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12/16. Severe hyperkalemia during piroxicam therapy.

    Severe hyperkalemia developed in an 85-year-old man after he had been receiving piroxicam treatment for several months. At admission his serum potassium level was 9.3 mEq/L; total CO2 level, 11 mmole/L; chloride level, 122 mEq/L; serum urea nitrogen level, 54 mg/dL; and creatinine level, 2.5 mg/dL. hyperkalemia resolved after withdrawal of the drug and polystyrene sodium sulfonate therapy and the nonanion gap acidosis subsided concomitantly. His serum urea nitrogen and creatinine levels remained unchanged. He had abnormally low plasma renin activity, which gradually returned to normal, and aldosterone concentration, which remained low. The nonsteroidal drug may have impaired renin secretion, adrenal responsiveness to angiotensin, or the action of aldosterone on the renal tubule.
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13/16. Severe hypertension, hyperkalemia, and renal tubular acidosis responding to dietary sodium restriction.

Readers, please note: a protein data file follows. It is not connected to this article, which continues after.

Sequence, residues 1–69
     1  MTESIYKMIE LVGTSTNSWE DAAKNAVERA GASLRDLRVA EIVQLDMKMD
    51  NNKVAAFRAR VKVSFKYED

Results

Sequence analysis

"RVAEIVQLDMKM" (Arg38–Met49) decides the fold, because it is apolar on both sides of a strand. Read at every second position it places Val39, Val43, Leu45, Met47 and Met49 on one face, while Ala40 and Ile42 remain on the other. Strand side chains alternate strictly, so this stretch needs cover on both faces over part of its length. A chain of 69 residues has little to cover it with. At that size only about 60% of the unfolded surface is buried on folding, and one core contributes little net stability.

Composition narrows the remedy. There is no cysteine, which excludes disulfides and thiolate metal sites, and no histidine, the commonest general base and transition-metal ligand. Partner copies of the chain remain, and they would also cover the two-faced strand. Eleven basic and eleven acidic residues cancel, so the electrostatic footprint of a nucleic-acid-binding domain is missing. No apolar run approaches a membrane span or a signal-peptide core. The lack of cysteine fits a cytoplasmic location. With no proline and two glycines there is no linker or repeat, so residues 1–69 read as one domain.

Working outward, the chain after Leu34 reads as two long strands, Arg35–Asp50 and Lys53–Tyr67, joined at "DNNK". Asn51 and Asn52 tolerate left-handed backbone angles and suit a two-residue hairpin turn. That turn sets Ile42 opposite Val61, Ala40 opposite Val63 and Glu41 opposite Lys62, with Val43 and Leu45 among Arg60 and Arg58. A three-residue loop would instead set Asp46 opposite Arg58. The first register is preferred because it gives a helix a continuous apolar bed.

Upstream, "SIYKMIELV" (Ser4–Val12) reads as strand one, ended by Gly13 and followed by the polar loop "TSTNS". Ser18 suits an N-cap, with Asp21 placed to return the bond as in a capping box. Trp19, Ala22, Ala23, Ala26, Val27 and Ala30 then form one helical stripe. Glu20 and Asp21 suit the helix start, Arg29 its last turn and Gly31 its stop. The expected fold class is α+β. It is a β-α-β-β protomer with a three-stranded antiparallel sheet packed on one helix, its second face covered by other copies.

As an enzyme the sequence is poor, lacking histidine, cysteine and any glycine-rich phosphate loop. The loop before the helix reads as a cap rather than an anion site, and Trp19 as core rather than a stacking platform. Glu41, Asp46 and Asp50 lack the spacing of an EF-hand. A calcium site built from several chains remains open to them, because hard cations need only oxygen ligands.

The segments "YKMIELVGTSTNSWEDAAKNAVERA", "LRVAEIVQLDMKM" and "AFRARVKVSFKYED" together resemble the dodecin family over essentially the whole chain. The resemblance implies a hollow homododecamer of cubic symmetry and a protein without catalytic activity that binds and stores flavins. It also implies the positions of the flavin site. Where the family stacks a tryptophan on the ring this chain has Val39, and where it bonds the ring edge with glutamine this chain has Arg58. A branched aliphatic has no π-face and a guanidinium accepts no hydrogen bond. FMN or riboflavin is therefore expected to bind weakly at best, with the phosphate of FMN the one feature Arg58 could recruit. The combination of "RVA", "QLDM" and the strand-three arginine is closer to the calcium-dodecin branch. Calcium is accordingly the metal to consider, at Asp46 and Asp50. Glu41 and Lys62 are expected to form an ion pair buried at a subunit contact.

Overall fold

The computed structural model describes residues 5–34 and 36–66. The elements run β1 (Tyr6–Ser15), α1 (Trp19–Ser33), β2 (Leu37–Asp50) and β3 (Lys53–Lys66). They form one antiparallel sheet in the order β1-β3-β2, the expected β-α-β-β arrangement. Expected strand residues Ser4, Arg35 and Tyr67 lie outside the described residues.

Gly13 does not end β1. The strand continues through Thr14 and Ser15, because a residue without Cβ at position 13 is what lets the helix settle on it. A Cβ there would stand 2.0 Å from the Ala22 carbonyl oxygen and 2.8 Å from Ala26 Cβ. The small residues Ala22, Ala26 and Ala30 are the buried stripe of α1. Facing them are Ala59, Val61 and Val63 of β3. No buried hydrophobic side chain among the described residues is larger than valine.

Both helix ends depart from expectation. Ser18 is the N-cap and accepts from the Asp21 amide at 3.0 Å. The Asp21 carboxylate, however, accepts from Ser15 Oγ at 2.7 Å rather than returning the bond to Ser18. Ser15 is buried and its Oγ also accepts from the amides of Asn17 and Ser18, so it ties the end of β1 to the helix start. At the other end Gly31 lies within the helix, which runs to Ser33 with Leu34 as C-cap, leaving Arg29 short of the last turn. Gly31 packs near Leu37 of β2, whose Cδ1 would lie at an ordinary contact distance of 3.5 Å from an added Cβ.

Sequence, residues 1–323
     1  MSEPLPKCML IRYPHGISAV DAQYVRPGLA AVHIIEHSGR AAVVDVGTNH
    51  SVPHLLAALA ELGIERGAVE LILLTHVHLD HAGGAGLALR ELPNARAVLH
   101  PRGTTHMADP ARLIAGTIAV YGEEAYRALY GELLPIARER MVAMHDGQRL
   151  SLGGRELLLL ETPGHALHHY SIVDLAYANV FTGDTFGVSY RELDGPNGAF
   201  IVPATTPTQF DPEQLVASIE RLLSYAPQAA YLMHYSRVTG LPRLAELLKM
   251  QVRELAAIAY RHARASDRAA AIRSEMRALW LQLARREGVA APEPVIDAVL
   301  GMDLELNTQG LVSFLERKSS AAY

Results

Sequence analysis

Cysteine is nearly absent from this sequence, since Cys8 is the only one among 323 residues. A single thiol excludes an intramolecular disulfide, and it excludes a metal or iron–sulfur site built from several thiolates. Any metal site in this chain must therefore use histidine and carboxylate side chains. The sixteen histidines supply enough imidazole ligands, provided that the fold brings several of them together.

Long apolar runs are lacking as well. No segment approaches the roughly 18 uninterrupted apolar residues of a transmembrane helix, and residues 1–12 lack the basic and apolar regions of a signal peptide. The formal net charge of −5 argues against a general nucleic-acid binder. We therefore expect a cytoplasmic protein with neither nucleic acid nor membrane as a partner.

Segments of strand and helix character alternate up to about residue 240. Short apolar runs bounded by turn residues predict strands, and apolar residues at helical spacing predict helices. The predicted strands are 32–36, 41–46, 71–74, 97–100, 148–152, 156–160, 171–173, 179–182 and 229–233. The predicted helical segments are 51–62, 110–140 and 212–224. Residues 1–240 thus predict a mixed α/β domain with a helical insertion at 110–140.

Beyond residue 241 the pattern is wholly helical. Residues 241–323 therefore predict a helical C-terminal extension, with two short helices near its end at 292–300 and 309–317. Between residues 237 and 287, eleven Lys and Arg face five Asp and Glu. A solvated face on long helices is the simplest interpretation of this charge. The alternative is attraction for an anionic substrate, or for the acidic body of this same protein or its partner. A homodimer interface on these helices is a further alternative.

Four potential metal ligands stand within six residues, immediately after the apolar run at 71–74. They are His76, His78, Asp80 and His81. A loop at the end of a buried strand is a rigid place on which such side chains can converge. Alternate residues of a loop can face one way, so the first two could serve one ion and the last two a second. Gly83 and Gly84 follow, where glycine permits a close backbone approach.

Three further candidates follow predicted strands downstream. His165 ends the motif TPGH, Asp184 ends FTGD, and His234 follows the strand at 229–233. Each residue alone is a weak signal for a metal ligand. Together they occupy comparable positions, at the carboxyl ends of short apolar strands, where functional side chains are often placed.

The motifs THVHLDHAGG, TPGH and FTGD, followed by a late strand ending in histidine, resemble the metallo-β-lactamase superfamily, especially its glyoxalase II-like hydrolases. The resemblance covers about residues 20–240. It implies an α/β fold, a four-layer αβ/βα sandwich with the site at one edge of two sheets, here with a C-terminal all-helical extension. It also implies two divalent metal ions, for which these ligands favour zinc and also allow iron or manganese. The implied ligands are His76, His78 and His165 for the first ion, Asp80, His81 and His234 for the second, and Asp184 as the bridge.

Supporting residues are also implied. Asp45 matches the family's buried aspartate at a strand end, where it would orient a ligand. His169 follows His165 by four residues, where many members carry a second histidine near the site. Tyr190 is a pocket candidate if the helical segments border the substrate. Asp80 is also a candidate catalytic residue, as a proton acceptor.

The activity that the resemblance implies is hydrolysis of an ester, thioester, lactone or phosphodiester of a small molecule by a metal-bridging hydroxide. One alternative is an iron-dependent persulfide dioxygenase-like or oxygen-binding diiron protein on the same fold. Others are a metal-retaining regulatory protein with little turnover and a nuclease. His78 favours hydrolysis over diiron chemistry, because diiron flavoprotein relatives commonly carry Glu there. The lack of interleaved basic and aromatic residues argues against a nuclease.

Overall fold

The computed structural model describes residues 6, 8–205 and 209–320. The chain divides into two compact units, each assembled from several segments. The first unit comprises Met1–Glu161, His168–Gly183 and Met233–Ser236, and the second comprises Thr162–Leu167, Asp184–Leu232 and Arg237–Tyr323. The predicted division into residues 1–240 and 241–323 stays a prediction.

A 13-year-old girl with severe hypertension (240/140 mm Hg), short stature, marked hyperkalemia (8.6 mEq/liter), and renal tubular acidosis was studied. Renal parenchymal and renovascular diseases as well as endocrinologic causes of hypertension were ruled out by appropriate studies. The hypertension was associated with sodium retention, increased plasma volume, suppressed plasma renin activity, and decreased urinary excretion of aldosterone. Impaired renal excretion of potassium was demonstrated by sodium sulfate infusion when the patient was fed a high-sodium diet but a significant kaliuresis occurred when the test was performed on a low-sodium diet suggesting that renal sodium retention may play a role in the defect in potassium excretion. The renal tubular acidosis was associated with normal distal acidification but a low bicarbonate threshold (19 mmoles/liter) and marked suppression of urinary ammonium excretion. The hypertension, hyporeninemia, and hypoaldosteronism as well as the hyperkalemia and acid-base abnormalities were completely reversed by dietary sodium restriction or the administration of thiazides or furosemide. It is concluded that an unusual avidity for sodium chloride reabsorption by the renal tubules leading to extracellular volume expansion and renin-aldosterone suppression plays a significant pathogenic role in this syndrome and may explain the hypertension and biochemical abnormalities discussed.